The Sworn Virgins of Albania
Nowadays, the meaning of gender is increasingly complex, and the debate around it more heated than ever. Personally (and this goes for all of us at UTP), I’ve never segregated or judged people based on gender or other characteristics out of their control. The only things that should matter are their character and how they carry themselves as a human being.
While equality is today’s norm, we all know this wasn’t always the case. Especially in the old days when there was far less freedom of choice. In those deeply patriarchal times, an interesting tradition appeared in one of Europe’s least explored and most authentic regions.
The Sworn Virgins
In the pockets of northern Albania, the Sworn Virgins are a truly fascinating, if not progressive, insight into the culture of this rural region. The old practice was born from families that were robbed of their male patriarchs due to illness or blood feuds. In their place, a female member of the family would volunteer (or be forced to) to become a Sworn Virgin. This would mean they would inherit all the rights of a man in exchange for the for an oath to remain a virgin throughout the rest of their years. It was often seen as an honour as the sacrifice was justified for protecting their families. There were also cases where women would take this oath to avoid arranged marriages or even just to live a better life as men.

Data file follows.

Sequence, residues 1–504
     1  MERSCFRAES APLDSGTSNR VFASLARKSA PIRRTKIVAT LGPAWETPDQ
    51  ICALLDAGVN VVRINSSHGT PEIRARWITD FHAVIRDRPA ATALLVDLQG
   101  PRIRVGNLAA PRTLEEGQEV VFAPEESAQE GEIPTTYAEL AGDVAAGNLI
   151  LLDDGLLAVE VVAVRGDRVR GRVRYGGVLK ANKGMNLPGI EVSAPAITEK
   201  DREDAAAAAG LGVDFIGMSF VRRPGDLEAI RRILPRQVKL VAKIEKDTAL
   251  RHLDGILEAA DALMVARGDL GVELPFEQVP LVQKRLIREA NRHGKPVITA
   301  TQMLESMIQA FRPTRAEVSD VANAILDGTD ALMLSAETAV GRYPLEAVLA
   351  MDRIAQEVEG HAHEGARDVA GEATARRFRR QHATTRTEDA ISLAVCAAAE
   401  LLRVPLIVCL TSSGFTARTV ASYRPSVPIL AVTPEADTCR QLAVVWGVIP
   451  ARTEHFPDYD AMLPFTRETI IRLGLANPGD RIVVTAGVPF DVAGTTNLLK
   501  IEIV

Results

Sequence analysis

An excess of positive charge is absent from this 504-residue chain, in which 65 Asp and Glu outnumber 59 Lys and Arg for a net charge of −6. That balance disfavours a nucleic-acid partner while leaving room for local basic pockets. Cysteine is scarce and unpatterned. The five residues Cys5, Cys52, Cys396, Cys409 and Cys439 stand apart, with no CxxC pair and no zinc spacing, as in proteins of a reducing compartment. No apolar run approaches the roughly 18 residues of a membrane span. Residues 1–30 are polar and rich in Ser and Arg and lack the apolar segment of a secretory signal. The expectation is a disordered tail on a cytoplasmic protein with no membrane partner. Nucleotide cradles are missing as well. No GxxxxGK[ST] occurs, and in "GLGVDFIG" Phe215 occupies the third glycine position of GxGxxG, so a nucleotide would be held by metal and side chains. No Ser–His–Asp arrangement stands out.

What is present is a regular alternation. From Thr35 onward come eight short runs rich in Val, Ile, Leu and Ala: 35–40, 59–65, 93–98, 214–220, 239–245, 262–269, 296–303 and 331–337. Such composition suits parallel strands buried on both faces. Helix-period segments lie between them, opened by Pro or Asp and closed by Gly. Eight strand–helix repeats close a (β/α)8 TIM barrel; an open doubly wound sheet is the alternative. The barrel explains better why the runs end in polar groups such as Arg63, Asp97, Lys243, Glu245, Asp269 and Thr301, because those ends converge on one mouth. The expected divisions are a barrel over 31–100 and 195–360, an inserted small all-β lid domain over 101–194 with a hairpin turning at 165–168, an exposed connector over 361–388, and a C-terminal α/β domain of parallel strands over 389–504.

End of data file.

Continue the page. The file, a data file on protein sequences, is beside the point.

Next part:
Today, there are around twenty Sworn Virgins still living in Northern Albania. If you’re interested to read more then this piece in the Guardian gives a captivating insight.
Untravelled Paths offers experiences to the beautiful, remote mountainous region of Northern Albania. On special request, we can even organise for you to meet and chat with one of these incredible women for a unique insight into the fascinating lives they have lived.
Written by James Chisnall, Untravelled Paths